54325 Main Road

PO Box 1

Southold, NY 11971








Prince Building:

54325 Main Rd., Southold NY 11971

Museum Complex:

55200 Main Rd., Southold NY 11971

Nautical Museum at Horton Point Lighthouse:
3575 Lighthouse Rd., Southold NY 11971

Prince Building Hours:

Society Office: Monday—Friday 10am-2pm
Gift Shop: Monday—Friday 10am-2pm

Archives: By Appointment


Treasure Exchange: 

April 1st through Mid-December    

Tues., Thurs., Fri., Sat., 10am–4pm

Wednesday 1-4pm


January through March             

Saturdays only, 11 am–3 pm

©2019 Southold Historical Society

Join us at the Fall Lecture Series!

2014 Lecture Series

Please join us at 8pm for this fall's annual lecture series. All lectures take place in the auditorium at Peconic Landing in Greenport.

Peconic Landing is a proud supporter of this series.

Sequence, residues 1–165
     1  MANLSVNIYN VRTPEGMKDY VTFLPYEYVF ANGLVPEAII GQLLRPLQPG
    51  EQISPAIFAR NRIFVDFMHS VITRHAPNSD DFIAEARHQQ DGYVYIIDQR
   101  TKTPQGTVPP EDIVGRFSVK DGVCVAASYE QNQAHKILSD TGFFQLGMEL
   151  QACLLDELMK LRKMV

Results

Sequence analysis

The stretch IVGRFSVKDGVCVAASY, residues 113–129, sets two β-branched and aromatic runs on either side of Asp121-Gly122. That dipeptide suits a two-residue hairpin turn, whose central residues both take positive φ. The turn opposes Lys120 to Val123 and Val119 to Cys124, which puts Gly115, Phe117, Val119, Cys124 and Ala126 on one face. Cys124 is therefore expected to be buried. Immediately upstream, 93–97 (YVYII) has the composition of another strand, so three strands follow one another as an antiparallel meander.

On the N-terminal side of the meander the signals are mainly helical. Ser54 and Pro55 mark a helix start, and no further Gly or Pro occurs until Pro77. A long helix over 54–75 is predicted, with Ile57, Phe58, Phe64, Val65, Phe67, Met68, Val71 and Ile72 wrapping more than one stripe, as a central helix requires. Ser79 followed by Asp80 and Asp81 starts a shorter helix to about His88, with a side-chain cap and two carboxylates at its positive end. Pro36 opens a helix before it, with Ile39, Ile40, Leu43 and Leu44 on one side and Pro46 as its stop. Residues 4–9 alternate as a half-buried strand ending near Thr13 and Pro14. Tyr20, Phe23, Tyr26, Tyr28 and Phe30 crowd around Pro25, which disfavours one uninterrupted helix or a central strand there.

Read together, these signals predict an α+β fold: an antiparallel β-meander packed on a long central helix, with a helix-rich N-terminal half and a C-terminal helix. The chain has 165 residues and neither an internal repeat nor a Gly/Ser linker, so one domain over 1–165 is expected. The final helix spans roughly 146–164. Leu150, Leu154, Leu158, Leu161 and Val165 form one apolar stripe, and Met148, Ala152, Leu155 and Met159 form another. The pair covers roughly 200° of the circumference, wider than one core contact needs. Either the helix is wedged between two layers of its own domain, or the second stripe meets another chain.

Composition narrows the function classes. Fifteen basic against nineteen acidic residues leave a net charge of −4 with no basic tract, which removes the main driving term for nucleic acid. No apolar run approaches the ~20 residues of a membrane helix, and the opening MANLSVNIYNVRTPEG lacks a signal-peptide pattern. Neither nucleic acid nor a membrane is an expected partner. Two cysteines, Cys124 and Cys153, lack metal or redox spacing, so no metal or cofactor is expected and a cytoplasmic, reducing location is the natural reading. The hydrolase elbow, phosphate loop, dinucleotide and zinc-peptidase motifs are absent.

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9/24 Suzanne Smeaton “Reclaiming the Past: The Story of Re-creating the Original Frame for 'Washington Crossing the Delaware.'” Learn about the story behind the re-creation of the original frame for Emanuel Leutze's iconic painting 'Washington Crossing the Delaware.’ Suzanne Smeaton will detail the 3-year journey undertaken by Eli Wilner & Company in making the frame for the Metropolitan Museum of Art from the discovery of a mid-19th century photograph depicting the painting in the original frame, to the research required on all elements used in the frame design and the engineering of the massive 14 food-by-23-foot frame to its delivery and installation. 10/8 Amy Folk “Morality & the Military on Plum Island: The Case of Benjamin M. Koehler.” Virtually forgotten in the mists of time, the court martial of Major Benjamin M. Koehler on Fort Terry, Plum Island, New York helped to set modern military policies. The case, which was famous and well known at the time, pitted the commander of the island fort and a sympathetic public against the U.S. Army and the Federal Government. Join Amy Folk, the Collections Manager of the Southold Historical Society, as she delves into this forgotten though important event in American history. 10/22 Pierce Rafferty “An Illustrated History of Fishers Island, NY: 1614-2014.” Pierce Rafferty's presentation will survey the first 400 years of Fishers Island's history since Dutch discovery in 1614, documenting the Island's transition from working farm under Winthrop family ownership, through a brief period as an excursionist destination in the 1880s, to its development by the Ferguson family into a privacy-seeking, more exclusive residential colony. Mr. Rafferty is the director of the Henry L. Ferguson Museum on Fishers Island, founded in 1960, with Archaeology, Natural History and History collections, and a Land Trust that holds more than a tenth of the Island. 11/5 Antonia Petrash “Long Island and the Woman Suffrage Movement.” For seventy-two years, women fought for the right to vote and many of these remarkable women lived on Long Island. From the wealthy and determined Alva Vanderbilt Belmont to the dynamic Harriot Stanton Blatch, daughter of Elizabeth Cady Stanton, women on Long Island worked tirelessly to achieve political equality for themselves and future generations. Petrash, a resident of Glen Cove, Long Island recently retired from the Directorship of the Glen Cove Public Library, where she worked for twenty-four years. 11/19 Richard Welch “General Washington’ s Commando: Benjamin Tallmadge in the Revolutionary War” This presentation explores Benjamin Tallmadge’s dynamic and multi-faceted career during which he distinguished himself as a dragoon commander, intelligence and counter-intelligence officer, and master of combined land-sea operations. After Washington rewarded him with his own legion, he unleashed bold raids on British-occupied Long Island from his bases in Connecticut. All the while, he ran Washington’s most active espionage ring in New York and on the Island. Richard F. Welch teaches American History at Farmingdale State College. He is the author of five previous historical books. 12/3 Ronald Brown “The New York World's Fair of 1964-65: New York City is Still #1.” The 1960s were not nice to New York City. Los Angeles stood to eclipse the city as the leading American metropolis as the Pacific Rim was poised to replace the Atlantic world as the economic powerhouse of the future. But the city was not about to cede its reputation as "The Empire City" without a fight. What the city needed was a blockbuster event that would reaffirm New York's claim that the "Big Apple" was not rotten. Thus was born the World's Fair of 1964-65, a world's fair that was "universal and international." Dr. Brown is professor of history at Touro College and adjunct in world religions at the Unification Theological Seminary and a noted speaker in the New York area.

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